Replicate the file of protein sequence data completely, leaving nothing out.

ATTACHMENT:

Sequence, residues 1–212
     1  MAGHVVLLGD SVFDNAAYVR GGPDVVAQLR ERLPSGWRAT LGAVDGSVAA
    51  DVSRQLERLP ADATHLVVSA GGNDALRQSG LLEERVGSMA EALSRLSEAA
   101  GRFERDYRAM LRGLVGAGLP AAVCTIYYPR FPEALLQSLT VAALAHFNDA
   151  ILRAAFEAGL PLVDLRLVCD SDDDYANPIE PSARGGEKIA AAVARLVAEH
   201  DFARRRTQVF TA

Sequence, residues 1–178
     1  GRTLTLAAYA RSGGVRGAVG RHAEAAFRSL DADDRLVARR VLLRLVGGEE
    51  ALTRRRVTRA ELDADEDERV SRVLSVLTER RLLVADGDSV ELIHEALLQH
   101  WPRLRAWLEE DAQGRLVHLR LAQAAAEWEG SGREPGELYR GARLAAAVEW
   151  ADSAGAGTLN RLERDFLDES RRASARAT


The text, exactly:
Sequence, residues 1–212
     1  MAGHVVLLGD SVFDNAAYVR GGPDVVAQLR ERLPSGWRAT LGAVDGSVAA
    51  DVSRQLERLP ADATHLVVSA GGNDALRQSG LLEERVGSMA EALSRLSEAA
   101  GRFERDYRAM LRGLVGAGLP AAVCTIYYPR FPEALLQSLT VAALAHFNDA
   151  ILRAAFEAGL PLVDLRLVCD SDDDYANPIE PSARGGEKIA AAVARLVAEH
   201  DFARRRTQVF TA

Sequence, residues 1–178
     1  GRTLTLAAYA RSGGVRGAVG RHAEAAFRSL DADDRLVARR VLLRLVGGEE
    51  ALTRRRVTRA ELDADEDERV SRVLSVLTER RLLVADGDSV ELIHEALLQH
   101  WPRLRAWLEE DAQGRLVHLR LAQAAAEWEG SGREPGELYR GARLAAAVEW
   151  ADSAGAGTLN RLERDFLDES RRASARAT